Place the toy on the ground at about arm's length. If your dog moves from touching their nose to the toy and begins using their mouth, it's time to click, praise, and treat. Each time they get a little closer to biting the toy, continue to reward. If and when they pick up the toy with their mouth, act like it’s the best thing you’ve ever seen (and don’t forget to click and give treats). Remember that your dog will be looking to you for reassurance that they’re on the right track.
Step 4: Play Little Games of Indoor Fetch
At this point, your dog should know that placing the toy in their mouth means they get a treat. The next phase is perhaps the trickiest, but you only need to follow the same method of rewarding small steps toward success.
Toss the toy a few feet away from you. When they pick it up, click, treat, and praise. Continue this until they understand what they’re supposed to do. Then toss the toy and encourage your dog to bring it back to you. When they do, click, treat, and praise.
Step 5: Throw the Fetch Toy Farther
Once your dog has realized that they get treats when they get their toy and bring it back, start "upping the ante" by throwing the toy farther. It might help to find a hallway (which will reduce distractions) and toss the fetch toy farther and farther away.
With each successful fetch, offer treats and praise, then toss the toy a little farther. Repeat as many times as necessary for your dog to understand what this fetch game is all about.
Step 6: Add Some Words
This part is optional. If you would like to add a marker word like “fetch,” now is the time to do so (when your dog is successfully fetching their toy).
Say the word before throwing the toy, then lay it on heavy with treats and praise when they successfully fetch for you and say something like “good fetch.” Of course, it’s not necessary to say “fetch” or another similar word. By this point, your dog has probably learned to enjoy the game itself — with or without a verbal cue.
This video by the late Sophia Yin is great at illustrating how to teach your dog fetch through incremental phases and rewards.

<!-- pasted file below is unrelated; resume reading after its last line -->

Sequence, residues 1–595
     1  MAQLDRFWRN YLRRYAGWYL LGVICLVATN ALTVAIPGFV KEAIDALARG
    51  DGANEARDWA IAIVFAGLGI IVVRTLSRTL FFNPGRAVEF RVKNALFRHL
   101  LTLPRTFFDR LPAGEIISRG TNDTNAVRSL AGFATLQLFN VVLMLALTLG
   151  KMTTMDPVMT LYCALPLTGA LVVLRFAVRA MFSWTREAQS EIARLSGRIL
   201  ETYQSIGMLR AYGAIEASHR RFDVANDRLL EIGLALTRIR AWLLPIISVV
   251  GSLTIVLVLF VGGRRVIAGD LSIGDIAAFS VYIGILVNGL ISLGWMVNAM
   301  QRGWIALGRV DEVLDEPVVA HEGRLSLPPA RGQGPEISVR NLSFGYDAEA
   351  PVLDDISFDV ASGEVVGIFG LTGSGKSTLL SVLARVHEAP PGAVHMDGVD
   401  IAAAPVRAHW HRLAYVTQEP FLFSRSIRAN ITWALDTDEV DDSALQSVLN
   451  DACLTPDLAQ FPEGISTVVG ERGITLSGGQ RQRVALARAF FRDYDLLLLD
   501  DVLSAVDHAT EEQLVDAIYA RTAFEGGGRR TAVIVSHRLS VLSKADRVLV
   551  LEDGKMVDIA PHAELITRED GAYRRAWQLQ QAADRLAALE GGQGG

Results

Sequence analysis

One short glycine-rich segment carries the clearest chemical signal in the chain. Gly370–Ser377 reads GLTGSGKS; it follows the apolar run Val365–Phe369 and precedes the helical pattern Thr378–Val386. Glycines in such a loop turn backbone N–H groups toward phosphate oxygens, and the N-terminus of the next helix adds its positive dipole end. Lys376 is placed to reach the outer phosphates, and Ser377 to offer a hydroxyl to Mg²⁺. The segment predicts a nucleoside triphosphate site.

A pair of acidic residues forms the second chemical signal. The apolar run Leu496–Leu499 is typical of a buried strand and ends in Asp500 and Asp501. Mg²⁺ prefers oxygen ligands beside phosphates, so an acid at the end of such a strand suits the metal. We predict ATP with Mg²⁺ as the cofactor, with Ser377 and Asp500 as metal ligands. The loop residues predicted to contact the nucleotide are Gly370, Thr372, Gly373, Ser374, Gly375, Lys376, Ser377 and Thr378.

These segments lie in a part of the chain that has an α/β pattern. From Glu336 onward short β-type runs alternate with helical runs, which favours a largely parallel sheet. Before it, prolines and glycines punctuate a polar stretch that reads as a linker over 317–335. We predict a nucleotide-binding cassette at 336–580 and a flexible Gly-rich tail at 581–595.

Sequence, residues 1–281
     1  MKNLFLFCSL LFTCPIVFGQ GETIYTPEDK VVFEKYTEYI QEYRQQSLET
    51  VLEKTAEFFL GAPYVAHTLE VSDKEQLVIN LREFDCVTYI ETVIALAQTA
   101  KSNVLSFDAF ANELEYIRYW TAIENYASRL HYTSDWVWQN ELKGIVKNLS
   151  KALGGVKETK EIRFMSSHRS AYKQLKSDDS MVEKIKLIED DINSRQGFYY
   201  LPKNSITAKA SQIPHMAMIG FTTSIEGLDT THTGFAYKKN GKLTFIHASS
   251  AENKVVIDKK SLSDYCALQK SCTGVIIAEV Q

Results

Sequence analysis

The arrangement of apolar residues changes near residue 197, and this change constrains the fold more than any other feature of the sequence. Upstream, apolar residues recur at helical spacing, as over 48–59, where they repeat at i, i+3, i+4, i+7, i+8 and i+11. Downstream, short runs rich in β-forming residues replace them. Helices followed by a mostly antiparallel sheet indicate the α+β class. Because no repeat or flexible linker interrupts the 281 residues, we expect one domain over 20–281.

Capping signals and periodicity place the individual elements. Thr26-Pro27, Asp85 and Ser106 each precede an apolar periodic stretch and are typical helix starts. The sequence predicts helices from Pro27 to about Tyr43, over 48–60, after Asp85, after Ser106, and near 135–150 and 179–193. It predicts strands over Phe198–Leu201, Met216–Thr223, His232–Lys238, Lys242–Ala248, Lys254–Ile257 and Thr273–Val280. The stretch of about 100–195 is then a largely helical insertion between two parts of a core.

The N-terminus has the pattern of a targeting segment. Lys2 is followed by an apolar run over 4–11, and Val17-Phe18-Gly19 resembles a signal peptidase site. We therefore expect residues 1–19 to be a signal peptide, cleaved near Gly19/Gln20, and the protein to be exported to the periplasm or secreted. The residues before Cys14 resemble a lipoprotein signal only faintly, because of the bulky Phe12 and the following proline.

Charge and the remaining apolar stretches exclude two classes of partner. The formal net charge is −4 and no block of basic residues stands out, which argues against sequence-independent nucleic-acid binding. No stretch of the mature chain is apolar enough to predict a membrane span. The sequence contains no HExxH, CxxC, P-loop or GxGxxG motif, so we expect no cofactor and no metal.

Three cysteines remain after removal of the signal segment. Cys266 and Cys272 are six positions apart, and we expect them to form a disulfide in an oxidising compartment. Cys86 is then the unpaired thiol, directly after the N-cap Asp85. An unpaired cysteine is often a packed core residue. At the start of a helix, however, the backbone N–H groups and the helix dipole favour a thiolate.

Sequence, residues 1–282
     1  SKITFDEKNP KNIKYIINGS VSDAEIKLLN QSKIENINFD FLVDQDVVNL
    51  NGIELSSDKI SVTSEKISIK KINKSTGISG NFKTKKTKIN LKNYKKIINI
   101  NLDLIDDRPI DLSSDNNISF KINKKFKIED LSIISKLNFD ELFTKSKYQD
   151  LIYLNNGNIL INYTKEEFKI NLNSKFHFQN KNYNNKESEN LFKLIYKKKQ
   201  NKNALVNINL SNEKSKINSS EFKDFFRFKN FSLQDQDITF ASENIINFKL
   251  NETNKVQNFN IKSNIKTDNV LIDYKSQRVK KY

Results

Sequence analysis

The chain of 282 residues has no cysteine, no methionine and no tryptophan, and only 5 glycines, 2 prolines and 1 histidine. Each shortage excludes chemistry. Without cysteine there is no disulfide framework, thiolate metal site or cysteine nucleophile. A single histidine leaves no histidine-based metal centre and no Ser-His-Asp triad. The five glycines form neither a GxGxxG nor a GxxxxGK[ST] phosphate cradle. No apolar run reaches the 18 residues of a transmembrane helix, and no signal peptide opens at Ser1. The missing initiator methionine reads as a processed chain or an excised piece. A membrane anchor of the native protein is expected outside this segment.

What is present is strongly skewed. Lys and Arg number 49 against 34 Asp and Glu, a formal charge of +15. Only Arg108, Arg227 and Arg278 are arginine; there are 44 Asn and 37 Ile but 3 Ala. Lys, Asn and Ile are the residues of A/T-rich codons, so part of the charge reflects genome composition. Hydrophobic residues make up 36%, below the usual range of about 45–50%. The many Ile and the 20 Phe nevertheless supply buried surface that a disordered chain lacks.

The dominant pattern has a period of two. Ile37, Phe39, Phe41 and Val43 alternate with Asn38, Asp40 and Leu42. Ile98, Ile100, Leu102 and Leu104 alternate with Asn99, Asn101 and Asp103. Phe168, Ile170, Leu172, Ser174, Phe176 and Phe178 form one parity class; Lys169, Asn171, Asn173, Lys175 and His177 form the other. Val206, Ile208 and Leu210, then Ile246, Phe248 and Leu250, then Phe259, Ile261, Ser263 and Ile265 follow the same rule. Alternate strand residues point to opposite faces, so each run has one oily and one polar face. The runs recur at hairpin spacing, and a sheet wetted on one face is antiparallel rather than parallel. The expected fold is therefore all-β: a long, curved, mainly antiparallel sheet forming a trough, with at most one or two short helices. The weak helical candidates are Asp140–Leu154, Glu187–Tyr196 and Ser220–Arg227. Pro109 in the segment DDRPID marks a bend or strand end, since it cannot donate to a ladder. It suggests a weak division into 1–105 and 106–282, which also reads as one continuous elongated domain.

Step 7: Take the Game of Fetch Outside
Up to this point, you’ve been playing fetch inside, where things are nice and quiet. But now it’s time to head out into the world where distractions are plentiful.
Begin in a fenced space, such as a backyard or other enclosed spot. If you don’t have such a yard, try a quiet fenced-in park or other public place. Go during times when there aren’t other dogs or people; at least, when there aren’t too many other dogs and people. If your dog isn't yet good at going off-leash, learn how to train them and be safe when off-leash.
Be sure to bring some treats with you, as you’re now asking your dog for a little more effort and they’ll need a reward for everything to sink in. Play fetch like you would at home, tossing the toy farther and farther away and rewarding your dog for successfully bringing it back to you.
Final Notes on Fetch
Some dogs might never learn to love fetch. Maybe you can teach them the behavior, but they just don’t get to the point where they enjoy the game.
If this is the case with your dog, don’t worry. There are a ton of other fun ways to get your dog some great mental stimulation and physical exercise. You can try working on:
- Scent training (a.k.a. nose work)
- Agility training
- Dock diving
- Going for hikes
- Interactive toys and food puzzles (especially the types that have to be moved around for a dog to get at the treats inside)
- Hide and seek (stash some of your dog’s favorite toys throughout the home and encourage them to “go hunting”)